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18

| BNE March/April 2017

ESCAPE

A

nyone arriving in the New

South Wales country town of

Orange expecting to see oranges

might be sorely disappointed for, in spite of

its name and its reputation as a food bowl for

the state, oranges are not actually grown in the

area. It’s a misconception common enough

that there’s a long-running joke among locals

that “Orange grows great apples”, and its cool

climate does indeed make it a thriving producer

of stone fruits such as cherries, peaches, apricots,

plums and apples as well as berries, vegetables,

nuts and wines.

Food and wine has become such a drawcard

there are now three annual festivals that celebrate

it – from Food Week in April and the Apple

Festival in May to the Orange Wine Festival in

October – all just a two-hour flight direct from

Brisbane with the launch of new services by

regional airline Fly Corporate.

With flights departing on a Friday morning

a short break can be timed to coincide with the

Farmer’s Market held on the second Saturday of

every month, a perfect introduction to the local

produce and a chance to meet the local farmers.

Nine new cafés have opened in Orange in

the past 12 months alone to bring the total

to 56 – that’s a lot of cafes for a town of only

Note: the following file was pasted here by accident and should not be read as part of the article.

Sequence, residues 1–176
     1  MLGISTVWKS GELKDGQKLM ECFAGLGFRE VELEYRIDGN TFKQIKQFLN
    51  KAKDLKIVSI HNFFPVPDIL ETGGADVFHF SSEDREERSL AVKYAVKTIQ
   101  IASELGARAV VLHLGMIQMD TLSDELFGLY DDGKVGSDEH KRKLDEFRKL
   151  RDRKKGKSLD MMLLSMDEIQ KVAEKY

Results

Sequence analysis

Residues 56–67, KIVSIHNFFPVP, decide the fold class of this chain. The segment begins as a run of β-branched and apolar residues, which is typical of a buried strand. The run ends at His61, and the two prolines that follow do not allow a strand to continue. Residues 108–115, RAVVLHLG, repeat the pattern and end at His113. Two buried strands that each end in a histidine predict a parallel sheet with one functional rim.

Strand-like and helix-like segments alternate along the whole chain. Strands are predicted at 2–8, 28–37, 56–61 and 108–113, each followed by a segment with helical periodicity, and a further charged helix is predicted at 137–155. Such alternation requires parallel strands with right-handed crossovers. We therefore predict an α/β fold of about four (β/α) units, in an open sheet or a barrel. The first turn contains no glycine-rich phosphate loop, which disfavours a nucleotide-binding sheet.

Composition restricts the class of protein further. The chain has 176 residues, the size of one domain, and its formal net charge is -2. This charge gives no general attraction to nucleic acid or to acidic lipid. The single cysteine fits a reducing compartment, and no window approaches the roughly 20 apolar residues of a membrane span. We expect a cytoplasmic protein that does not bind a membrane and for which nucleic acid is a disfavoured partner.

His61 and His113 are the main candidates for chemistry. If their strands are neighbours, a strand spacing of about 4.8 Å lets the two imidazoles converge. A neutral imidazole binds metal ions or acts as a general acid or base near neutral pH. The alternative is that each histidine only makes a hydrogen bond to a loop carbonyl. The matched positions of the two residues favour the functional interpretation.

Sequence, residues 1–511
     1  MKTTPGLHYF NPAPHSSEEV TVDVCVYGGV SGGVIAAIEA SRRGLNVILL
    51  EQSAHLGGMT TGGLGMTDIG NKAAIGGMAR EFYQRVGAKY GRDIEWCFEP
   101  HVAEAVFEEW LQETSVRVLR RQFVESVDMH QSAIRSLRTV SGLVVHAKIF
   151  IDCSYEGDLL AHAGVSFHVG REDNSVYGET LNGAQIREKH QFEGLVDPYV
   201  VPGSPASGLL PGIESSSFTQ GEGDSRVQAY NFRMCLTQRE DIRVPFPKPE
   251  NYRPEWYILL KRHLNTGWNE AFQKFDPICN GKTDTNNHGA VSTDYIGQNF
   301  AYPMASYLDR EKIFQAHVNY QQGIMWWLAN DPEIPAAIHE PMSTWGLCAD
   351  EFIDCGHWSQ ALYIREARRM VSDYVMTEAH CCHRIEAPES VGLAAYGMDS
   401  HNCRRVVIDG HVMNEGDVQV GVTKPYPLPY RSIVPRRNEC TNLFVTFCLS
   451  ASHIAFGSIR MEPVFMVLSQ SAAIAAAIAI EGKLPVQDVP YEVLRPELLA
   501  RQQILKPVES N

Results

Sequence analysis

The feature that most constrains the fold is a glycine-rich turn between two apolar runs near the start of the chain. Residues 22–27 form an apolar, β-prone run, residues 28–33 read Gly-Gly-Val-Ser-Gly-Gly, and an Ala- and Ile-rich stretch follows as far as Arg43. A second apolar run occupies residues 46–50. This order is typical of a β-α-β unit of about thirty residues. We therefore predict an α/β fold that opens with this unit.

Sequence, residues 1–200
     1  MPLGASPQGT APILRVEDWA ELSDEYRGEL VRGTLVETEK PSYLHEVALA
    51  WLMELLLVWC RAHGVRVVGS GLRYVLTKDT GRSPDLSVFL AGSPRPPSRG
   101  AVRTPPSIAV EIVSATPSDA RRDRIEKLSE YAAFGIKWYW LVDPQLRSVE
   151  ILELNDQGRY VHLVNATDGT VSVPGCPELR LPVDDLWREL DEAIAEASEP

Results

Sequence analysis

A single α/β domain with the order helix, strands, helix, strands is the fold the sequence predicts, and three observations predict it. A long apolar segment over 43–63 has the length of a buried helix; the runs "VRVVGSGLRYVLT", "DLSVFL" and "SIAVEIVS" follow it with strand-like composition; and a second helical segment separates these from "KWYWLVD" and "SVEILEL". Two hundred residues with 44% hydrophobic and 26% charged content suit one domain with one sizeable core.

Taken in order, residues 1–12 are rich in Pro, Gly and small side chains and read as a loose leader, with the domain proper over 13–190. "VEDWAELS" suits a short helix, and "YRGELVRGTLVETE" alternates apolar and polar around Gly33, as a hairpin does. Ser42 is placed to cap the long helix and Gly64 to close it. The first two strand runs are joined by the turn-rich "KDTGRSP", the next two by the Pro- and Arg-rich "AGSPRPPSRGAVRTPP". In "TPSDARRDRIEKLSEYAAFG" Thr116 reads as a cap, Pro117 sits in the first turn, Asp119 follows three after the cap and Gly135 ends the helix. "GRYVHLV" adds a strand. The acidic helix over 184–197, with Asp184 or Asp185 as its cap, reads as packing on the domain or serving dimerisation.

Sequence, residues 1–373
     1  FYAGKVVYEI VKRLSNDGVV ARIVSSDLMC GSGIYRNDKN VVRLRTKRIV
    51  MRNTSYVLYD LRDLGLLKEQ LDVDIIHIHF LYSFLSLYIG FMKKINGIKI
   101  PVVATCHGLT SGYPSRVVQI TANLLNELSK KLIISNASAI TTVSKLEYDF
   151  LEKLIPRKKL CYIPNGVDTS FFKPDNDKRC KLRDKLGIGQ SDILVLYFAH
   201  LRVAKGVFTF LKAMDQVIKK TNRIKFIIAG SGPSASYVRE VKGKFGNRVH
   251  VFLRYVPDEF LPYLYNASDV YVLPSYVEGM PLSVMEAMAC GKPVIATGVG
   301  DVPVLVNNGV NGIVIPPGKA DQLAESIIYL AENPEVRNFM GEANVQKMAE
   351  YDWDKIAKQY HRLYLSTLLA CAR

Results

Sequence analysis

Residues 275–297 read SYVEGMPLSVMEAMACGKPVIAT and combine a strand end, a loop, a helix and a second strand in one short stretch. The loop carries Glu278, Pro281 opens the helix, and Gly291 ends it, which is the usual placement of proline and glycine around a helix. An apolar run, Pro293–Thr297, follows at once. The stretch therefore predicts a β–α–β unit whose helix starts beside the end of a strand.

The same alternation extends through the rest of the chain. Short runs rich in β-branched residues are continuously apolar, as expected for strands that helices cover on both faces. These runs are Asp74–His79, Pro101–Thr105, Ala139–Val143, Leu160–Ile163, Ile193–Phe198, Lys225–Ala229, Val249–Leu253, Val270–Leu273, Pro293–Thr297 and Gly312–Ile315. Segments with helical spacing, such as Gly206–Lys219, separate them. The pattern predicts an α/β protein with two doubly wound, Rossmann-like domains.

40,000 people! For out-of-towners like us the

good news is a lot of the best cafes, restaurants

A short break to explore the foodie highlights of

Orange is easier with the launch of new flights from

Brisbane, writes

Sarah Shrapnel

and bars are within walking distance in central

Orange and rental cars are available to explore

further afield. There are also half day or full day

tasting trips with Orange Wine Tours for a fun

yet informative tour of the region’s wineries.

I’ve been travelling to Orange quite a bit over

the last few years – full disclosure, my parents

own a winery there – and my how it’s changed.

Not only has the number of cafés changed but

the standard has too and many wouldn’t look

out of place in the inner city. One of the most

popular stops is The Agrestic Grocer (426

Mitchell Hwy), a café and speciality food shop

started by couples Katie and Beau Baddock

and Danielle and Lucas Martin. They serve

up locally sourced and seasonally influenced

breakfast and lunch items which are easily

washed down with a cup of Orange Roasting

Co Coffee.

The Ploughman’s lunch is a signature dish

on the menu, a board filled with a selection

of Second Mouse Cheese, Trunkey Creek

cured meats and antipasto – a great way to

try a selection of Orange produce. There’s an

adjoining grocery with local delicacies such as

olive oil, craft beer from Badlands Brewery and

fruit for picnic snacks or self-catering travellers.

Second Mouse Cheese is also onsite at

Agrestic and it’s highly likely you’ll find owner

and cheesemaker Kai Woltmann there willing

orange

A TASTE OF